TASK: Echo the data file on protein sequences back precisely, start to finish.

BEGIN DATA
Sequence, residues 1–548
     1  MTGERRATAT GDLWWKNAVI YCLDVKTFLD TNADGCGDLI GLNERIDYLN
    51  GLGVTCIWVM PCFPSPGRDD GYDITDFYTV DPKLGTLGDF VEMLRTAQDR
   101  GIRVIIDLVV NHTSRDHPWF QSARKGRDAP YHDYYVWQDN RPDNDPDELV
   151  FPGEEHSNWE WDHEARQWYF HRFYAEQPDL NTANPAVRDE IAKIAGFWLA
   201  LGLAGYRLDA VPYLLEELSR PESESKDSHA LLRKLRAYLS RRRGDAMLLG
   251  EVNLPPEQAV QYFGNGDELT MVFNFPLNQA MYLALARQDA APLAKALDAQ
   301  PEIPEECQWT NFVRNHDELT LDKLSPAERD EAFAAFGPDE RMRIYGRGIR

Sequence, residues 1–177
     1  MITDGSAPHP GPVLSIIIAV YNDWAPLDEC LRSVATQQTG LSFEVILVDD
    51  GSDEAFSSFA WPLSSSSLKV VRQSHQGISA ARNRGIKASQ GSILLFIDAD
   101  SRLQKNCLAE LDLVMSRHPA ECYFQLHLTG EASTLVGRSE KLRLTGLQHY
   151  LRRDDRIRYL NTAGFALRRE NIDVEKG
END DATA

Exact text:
Sequence, residues 1–548
     1  MTGERRATAT GDLWWKNAVI YCLDVKTFLD TNADGCGDLI GLNERIDYLN
    51  GLGVTCIWVM PCFPSPGRDD GYDITDFYTV DPKLGTLGDF VEMLRTAQDR
   101  GIRVIIDLVV NHTSRDHPWF QSARKGRDAP YHDYYVWQDN RPDNDPDELV
   151  FPGEEHSNWE WDHEARQWYF HRFYAEQPDL NTANPAVRDE IAKIAGFWLA
   201  LGLAGYRLDA VPYLLEELSR PESESKDSHA LLRKLRAYLS RRRGDAMLLG
   251  EVNLPPEQAV QYFGNGDELT MVFNFPLNQA MYLALARQDA APLAKALDAQ
   301  PEIPEECQWT NFVRNHDELT LDKLSPAERD EAFAAFGPDE RMRIYGRGIR

Sequence, residues 1–177
     1  MITDGSAPHP GPVLSIIIAV YNDWAPLDEC LRSVATQQTG LSFEVILVDD
    51  GSDEAFSSFA WPLSSSSLKV VRQSHQGISA ARNRGIKASQ GSILLFIDAD
   101  SRLQKNCLAE LDLVMSRHPA ECYFQLHLTG EASTLVGRSE KLRLTGLQHY
   151  LRRDDRIRYL NTAGFALRRE NIDVEKG